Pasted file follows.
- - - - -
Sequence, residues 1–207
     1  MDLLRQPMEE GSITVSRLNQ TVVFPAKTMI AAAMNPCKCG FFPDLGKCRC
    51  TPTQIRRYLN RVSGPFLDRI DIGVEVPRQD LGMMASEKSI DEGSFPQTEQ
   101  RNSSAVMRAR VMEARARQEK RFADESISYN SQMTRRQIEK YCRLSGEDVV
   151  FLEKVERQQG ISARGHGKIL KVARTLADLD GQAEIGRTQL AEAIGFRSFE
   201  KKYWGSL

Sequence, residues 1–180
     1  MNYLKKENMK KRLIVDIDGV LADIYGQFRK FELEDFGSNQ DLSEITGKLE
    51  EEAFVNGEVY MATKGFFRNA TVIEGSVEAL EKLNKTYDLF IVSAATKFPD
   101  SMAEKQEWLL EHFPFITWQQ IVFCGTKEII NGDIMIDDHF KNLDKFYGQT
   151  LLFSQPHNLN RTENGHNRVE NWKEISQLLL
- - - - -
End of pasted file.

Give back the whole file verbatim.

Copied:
Sequence, residues 1–207
     1  MDLLRQPMEE GSITVSRLNQ TVVFPAKTMI AAAMNPCKCG FFPDLGKCRC
    51  TPTQIRRYLN RVSGPFLDRI DIGVEVPRQD LGMMASEKSI DEGSFPQTEQ
   101  RNSSAVMRAR VMEARARQEK RFADESISYN SQMTRRQIEK YCRLSGEDVV
   151  FLEKVERQQG ISARGHGKIL KVARTLADLD GQAEIGRTQL AEAIGFRSFE
   201  KKYWGSL

Sequence, residues 1–180
     1  MNYLKKENMK KRLIVDIDGV LADIYGQFRK FELEDFGSNQ DLSEITGKLE
    51  EEAFVNGEVY MATKGFFRNA TVIEGSVEAL EKLNKTYDLF IVSAATKFPD
   101  SMAEKQEWLL EHFPFITWQQ IVFCGTKEII NGDIMIDDHF KNLDKFYGQT
   151  LLFSQPHNLN RTENGHNRVE NWKEISQLLL